A Poisonous Tradition

Robert Kagan's "Rebellion" and America's enduring antiliberalism.

A Poisonous Tradition

Robert Kagan’s Rebellion: How Antiliberalism is Tearing America Apart—Again is a concise but thorough tour through the influence of American liberalism’s malign twin. It’s a Romulus and Remus story without the fratricide, a nation born of both the edifying instruction of liberal principles and the defiling influence of antiliberal attitudes, whose expression in American history has most often been found in racial injustice.

At one point or another in America’s existence, each logic has held the upper hand. On a more intimate scale, they have battled within the minds of the country’s most significant actors—antiliberalism prevailing as far back as Jefferson, who could not forsake the institution of slavery he criticized, and as recently as Trump.

And it’s antiliberalism’s successes that Kagan lays bare, reminding us from the outset that there is nothing inevitable about the liberal order. A middle section of the book surveys the antiliberal traditions of 19th century America, from the chattel slavery and subsequent Jim Crow system of the South to the anti-immigrant and anti-Catholic convulsions in America’s booming industrial states.

Antebellum America was, of course, a wasteland of racial injustice, but it was also sharply defined by religious discrimination. Here, the exclusion of Catholics from public office in states like New Jersey and New Hampshire accompanied generalized religious and ethnic bigotry toward Roman Catholics, the latter often directed at Irish immigrants.

As Kagan writes,

Religion was another area where the liberal principles of the Revolution and the early republic did not match the actual feelings and behavior of much of the American population. Neither at the time of the Revolution nor later did most Americans, regardless of religion, share Jefferson and Madison’s view that God has nothing to do with the founding of the republic and would not be taking part in the protection of people’s unalienable rights. Many, if not most, Americans saw god’s hand in everything … and of course it was their own god they had in mind…The new Massachusetts post-Revolutionary constitution required ‘all who take seats in the House of Representatives or Senate to declare their firm persuasion of the Christian religion,’ an oath designed to exclude atheists, agnostics, deists, and Jews. That provision remained in force until 1820. New Jersey specifically required state officeholders to be Protestants … New Hampshire effectively debarred non-Protestant officeholders until 1877.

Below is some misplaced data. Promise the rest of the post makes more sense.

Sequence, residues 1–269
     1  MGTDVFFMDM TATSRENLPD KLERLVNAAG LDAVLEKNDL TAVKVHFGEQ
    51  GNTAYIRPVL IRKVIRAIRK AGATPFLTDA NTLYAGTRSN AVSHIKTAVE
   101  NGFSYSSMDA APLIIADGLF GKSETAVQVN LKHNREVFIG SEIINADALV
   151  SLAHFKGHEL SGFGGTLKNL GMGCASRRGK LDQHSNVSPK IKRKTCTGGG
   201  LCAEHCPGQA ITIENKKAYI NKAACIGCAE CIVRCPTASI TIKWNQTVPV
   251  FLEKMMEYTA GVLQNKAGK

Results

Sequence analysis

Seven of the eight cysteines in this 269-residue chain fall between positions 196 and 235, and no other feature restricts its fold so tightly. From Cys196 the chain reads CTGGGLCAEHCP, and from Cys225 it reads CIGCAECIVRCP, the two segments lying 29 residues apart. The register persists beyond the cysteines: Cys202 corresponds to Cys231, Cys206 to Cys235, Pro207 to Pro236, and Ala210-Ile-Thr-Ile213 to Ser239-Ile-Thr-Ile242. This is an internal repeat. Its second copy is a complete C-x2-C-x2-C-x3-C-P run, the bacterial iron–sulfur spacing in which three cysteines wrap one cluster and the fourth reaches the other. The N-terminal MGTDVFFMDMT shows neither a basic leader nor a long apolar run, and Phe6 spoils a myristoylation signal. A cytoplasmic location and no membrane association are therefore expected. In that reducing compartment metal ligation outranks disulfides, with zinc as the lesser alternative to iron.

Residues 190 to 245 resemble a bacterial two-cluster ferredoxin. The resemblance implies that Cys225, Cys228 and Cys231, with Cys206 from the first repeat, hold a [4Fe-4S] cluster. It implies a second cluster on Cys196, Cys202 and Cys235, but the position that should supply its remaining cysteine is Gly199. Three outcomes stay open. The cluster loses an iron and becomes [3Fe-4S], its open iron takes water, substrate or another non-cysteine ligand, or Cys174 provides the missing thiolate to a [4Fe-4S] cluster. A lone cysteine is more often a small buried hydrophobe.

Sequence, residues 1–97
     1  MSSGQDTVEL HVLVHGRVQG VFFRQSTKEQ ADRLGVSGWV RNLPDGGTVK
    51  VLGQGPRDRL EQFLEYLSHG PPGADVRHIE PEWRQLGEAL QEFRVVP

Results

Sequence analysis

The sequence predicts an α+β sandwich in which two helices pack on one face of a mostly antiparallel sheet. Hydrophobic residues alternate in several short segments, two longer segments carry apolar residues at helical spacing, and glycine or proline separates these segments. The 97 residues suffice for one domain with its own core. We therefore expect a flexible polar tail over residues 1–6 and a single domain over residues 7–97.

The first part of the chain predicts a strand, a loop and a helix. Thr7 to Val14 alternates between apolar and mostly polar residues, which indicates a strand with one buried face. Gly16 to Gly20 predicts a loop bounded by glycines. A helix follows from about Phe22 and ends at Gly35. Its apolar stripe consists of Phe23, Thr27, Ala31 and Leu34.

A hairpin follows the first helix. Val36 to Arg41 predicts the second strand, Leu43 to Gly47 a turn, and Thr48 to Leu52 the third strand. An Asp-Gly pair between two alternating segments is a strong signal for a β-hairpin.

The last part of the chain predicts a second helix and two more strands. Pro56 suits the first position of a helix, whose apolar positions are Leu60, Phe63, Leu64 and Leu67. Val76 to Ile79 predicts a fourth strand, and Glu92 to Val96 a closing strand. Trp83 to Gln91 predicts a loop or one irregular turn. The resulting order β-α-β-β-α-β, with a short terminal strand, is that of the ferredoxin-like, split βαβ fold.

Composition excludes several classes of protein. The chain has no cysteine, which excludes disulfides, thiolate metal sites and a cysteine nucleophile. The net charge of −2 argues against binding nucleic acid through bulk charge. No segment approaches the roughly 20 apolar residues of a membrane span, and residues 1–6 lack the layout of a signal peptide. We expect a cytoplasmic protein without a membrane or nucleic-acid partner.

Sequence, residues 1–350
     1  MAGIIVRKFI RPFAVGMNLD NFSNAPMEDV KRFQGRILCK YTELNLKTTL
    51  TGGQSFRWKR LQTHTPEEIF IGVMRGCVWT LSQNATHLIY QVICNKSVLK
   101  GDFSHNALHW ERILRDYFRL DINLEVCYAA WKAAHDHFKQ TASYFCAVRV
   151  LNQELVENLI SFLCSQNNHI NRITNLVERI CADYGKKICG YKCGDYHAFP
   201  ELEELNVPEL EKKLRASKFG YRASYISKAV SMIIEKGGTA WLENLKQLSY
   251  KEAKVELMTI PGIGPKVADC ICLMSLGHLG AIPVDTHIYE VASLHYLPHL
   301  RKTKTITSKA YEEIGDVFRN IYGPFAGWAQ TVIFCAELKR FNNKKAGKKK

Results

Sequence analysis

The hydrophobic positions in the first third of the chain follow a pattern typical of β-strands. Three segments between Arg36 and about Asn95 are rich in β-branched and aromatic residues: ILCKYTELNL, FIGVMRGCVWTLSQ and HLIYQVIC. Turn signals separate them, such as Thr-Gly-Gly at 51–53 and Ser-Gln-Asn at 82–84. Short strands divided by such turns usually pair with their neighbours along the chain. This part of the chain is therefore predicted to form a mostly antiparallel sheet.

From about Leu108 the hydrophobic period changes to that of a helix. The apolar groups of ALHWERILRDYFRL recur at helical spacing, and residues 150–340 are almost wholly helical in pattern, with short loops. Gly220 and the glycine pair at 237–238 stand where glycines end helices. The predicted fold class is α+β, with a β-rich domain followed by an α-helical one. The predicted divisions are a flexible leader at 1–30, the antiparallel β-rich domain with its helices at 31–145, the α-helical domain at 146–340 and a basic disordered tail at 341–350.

The 19th century also saw anti-Catholic policies recede but not necessarily the sentiments, sustaining a WASP hegemony that Kagan notes lasted well into the 20th century. He writes,

For most of the first century after the Revolution, the main victims of the continuing dominance of Protestantism in American politics were Catholics. Indeed, if Southern slavery and white racism posed the most profound challenge to the new liberal ideals of the American government, virulent anti-Catholicism was a close second.

In the Jim Crow South, a savage, white supremacist antiliberalism dominated. Assaults on journalists were common. Single-party control by Southern Democrats meant corruption and spoils politics pervaded the region. Paramilitary politics put a violent edge on the already oppressive rule of a segregationist order. It was a landscape defined by antiliberalism, both codified as system of governance and in its unbridled and visceral interpersonal expression.

But it’s in his account of 20th century America where Kagan is at his best and most probing. Unlike many in the conservative movement—even avowed Never Trumpers—who still extol the memory of William F. Buckley, Jr., Kagan finds for himself a black mirror of Jefferson with all the unpleasantness that suggests. Jefferson was a towering intellect and loving admirer of the American experiment he helped to initiate, and yet he was a thoroughgoing racist and a man who consigned the burden of abolition to the process of history rather than give up a single slave himself. And Buckley was a man not of his time but of the past, willing an America that seemed finally ready to seize the liberal promise of racial equality to return to the sunny, supremacist uplands of the Revolution.